A new report from the New England Convenience Store and Energy Marketers Association (NECSEMA) shows Massachusetts’ move to ban menthol tobacco products cost the Bay State more than $62 million in lost tax revenue. Meanwhile, New Hampshire has gained more than $28 million in tobacco excise taxes since the ban took effect.
“You’re welcome, New Hampshire,” Jon Shaers, Executive Director for NECSEMA, told NHJournal. “Massachusetts’ loss is New Hampshire’s gain.” Stores north of the Bay State line “have seen increases of 500 to 600 percent,” Shaers said.
According to data from the New Hampshire Department of Revenue Administration, tobacco taxes are already $25.4 million over budget since July 1, one month after the ban took effect.
A 90 percent bump in menthol stamps leads the year-to-year increase in Granite State tobacco sales according to the report. Overall, cigarette sales are up 46 percent, while in Massachusetts they are down almost 24 percent.
Shaers notes the ban is costing small businesses more than just cigarette money.
“Cigarette customers are reliable, loyal customers who often purchase other products. There’s a high correlation between tobacco sales and other products such as lottery tickets. Now, those customers are taking those sales to New Hampshire and other states as well.”
Hit hardest, he says, are the gateway communities with larger minority populations, where menthol cigarettes are more popular. “Countrywide, menthol makes up a 30 percent share of the tobacco market,” according to Shaers.”In cities such as Lowell, Fitchburg, Leominster – with diverse populations and high numbers of minority smokers – the menthol share can be closer to 60 to 70 percent of the tobacco category.”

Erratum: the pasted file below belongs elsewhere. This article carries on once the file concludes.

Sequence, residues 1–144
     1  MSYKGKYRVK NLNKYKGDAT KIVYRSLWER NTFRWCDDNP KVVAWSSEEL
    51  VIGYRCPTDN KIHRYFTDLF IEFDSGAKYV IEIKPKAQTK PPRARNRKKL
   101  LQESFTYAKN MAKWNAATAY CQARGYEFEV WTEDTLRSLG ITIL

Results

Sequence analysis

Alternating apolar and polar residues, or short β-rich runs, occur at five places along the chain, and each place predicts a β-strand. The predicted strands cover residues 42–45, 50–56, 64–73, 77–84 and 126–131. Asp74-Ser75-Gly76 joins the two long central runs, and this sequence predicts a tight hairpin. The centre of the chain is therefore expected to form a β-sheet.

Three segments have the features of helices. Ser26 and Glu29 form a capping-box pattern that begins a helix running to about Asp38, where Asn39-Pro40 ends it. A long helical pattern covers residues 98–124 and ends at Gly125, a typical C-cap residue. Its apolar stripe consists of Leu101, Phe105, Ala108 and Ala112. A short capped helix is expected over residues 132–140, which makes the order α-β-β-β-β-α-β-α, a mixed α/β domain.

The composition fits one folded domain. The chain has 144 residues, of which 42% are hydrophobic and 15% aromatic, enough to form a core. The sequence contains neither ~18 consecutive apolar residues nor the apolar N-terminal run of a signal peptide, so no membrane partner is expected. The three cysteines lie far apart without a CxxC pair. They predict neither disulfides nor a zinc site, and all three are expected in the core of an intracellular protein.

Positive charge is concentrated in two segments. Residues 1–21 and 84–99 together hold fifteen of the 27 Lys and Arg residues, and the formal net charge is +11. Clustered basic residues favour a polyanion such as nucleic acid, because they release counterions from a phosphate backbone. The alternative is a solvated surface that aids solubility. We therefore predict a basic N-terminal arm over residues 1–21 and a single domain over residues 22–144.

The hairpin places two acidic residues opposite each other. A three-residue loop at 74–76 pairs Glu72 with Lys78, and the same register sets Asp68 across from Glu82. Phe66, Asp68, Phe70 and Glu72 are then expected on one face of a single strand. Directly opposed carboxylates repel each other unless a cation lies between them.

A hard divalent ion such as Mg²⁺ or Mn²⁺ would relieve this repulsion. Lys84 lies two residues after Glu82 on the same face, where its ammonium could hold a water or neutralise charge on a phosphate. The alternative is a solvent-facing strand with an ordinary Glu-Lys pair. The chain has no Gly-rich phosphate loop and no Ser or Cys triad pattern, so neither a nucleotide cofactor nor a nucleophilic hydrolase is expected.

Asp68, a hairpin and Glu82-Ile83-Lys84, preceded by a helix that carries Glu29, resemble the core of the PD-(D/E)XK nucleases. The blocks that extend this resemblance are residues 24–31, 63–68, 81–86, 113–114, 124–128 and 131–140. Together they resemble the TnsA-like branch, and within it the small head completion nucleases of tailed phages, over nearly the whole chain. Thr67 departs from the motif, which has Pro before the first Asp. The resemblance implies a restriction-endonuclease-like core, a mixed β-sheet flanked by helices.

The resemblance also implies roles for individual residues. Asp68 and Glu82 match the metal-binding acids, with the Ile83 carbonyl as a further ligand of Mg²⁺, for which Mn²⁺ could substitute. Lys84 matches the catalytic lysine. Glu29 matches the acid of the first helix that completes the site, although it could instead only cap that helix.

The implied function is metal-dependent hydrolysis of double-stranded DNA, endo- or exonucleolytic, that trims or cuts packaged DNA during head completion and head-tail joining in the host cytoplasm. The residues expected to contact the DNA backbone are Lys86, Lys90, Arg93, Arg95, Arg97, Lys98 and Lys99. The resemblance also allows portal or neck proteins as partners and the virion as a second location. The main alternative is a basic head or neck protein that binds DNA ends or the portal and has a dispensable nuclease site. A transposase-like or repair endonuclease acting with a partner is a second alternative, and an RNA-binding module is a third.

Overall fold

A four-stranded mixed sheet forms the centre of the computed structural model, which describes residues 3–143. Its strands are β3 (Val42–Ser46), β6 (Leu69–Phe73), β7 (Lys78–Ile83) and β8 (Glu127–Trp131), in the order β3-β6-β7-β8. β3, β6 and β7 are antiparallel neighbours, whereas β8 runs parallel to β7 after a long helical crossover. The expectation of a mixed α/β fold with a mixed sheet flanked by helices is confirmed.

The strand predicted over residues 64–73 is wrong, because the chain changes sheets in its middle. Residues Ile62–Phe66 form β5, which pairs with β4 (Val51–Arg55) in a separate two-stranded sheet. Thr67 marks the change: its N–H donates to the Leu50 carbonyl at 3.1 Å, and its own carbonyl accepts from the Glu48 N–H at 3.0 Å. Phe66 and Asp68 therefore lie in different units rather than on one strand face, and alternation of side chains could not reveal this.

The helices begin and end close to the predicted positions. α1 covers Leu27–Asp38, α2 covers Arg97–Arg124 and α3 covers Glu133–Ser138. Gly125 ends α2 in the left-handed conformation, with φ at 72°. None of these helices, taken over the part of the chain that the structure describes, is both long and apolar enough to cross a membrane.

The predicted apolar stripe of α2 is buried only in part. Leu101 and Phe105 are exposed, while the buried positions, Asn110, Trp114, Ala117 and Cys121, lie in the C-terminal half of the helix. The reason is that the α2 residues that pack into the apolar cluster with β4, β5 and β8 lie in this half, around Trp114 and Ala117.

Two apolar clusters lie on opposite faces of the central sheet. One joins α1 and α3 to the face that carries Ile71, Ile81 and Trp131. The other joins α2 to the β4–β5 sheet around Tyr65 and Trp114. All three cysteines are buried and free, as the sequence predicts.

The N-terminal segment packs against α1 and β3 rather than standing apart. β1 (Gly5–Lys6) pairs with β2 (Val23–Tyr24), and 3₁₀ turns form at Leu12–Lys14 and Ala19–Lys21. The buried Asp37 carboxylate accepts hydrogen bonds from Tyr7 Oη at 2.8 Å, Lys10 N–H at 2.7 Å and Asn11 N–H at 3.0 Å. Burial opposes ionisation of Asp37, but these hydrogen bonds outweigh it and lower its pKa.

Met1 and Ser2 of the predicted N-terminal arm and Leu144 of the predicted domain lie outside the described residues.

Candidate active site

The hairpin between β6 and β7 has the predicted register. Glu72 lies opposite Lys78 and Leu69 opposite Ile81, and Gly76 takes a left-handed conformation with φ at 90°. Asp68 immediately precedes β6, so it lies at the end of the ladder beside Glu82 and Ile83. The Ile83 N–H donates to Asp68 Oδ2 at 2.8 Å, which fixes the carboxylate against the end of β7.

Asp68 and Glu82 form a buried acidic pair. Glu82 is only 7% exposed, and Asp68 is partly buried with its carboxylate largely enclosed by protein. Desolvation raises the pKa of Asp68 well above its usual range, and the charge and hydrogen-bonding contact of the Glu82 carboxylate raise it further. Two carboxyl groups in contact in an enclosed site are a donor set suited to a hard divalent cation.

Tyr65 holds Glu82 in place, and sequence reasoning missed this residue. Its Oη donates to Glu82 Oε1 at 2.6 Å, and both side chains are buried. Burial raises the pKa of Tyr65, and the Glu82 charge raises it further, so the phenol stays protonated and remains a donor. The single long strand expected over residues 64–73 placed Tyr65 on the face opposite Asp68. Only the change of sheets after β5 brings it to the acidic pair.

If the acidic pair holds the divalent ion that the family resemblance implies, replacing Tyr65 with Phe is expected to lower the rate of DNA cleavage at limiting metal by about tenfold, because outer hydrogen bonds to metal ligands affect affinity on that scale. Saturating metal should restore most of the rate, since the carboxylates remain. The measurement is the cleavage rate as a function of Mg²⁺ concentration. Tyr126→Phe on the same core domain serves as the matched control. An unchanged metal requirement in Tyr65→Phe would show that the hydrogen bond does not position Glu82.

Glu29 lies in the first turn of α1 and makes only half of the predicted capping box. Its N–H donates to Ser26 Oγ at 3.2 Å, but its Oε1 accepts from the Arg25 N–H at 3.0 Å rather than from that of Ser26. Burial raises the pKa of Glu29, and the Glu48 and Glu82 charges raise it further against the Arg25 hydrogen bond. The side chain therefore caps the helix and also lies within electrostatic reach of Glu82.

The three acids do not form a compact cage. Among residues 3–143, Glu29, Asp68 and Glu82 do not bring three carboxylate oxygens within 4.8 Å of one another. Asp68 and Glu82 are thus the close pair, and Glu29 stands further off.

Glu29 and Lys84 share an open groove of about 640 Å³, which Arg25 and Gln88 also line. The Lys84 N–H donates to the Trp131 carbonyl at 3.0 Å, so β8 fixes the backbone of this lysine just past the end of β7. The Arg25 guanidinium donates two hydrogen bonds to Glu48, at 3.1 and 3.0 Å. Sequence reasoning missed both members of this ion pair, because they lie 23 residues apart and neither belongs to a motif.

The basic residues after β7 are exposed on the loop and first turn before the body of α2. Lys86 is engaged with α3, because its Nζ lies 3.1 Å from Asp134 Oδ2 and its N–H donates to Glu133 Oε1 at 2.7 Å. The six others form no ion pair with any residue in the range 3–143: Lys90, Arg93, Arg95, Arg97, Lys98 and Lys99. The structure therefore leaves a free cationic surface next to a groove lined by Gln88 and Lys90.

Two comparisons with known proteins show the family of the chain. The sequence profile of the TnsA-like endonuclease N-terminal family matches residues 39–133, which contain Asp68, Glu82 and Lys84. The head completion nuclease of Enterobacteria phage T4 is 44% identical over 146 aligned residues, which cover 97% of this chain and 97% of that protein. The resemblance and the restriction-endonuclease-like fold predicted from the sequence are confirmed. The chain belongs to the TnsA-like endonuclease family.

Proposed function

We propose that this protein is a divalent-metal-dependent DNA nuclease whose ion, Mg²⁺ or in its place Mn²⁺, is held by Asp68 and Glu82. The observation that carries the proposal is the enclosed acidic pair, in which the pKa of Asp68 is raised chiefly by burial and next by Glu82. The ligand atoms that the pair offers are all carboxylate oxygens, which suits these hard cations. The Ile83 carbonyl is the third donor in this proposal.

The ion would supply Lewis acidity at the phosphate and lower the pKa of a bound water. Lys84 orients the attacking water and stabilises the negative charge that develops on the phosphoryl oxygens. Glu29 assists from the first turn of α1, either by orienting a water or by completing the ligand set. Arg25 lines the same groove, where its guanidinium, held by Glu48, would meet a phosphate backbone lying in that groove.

“I challenge anyone to demonstrate how this ban has been effective,” Shaer said in a statement. “New Hampshire and Rhode Island imports have replaced sales once made in Massachusetts by licensed retailers. In fact, the latest data shows an uptick in cigarette sales when you combine the increases for non-flavored cigarettes in Massachusetts with total cigarette sales gains in New Hampshire and Rhode Island. Massachusetts small businesses have lost, the Massachusetts budget has lost, public health has lost, and youth who this law was allegedly intended to protect have lost since prevention revenue has greatly diminished.”
This is hardly a surprising outcome. During a recent InsideSources roundtable about government attempts at prohibition, the Tax Foundation’s Ulrick Bosen shared his research showing similar impacts on Massachusetts revenue.
“I found significant increases in all the neighboring states simply because Massachusetts banned a popular product,” Boesen said. “That means they did not achieve their public health goals, which was fewer people who smoke.”
Shaer says a similar phenomenon will occur when the Transportation Climate Initiative is adopted in Massachusetts, noting that “we already see it now, with the delta in gasoline excise taxes in the two states.” It was one of just three states to embrace the regional “cap and invest” plan to raise gas taxes and spend the new revenue on mass transit.
“It will be interesting to see what happens in the next twelve months,” Shaer says. “At the federal level, we’ll have a Biden administration that has made climate change a core tenet of their platform, and Democrats now control the House and Senate. We could see a federal carbon tax that in some ways pre-empts what TCI is trying to accomplish.
“These Governors will have to decide if they want to adopt extra state regulations on top of whatever might come from D.C.,” Shaer said.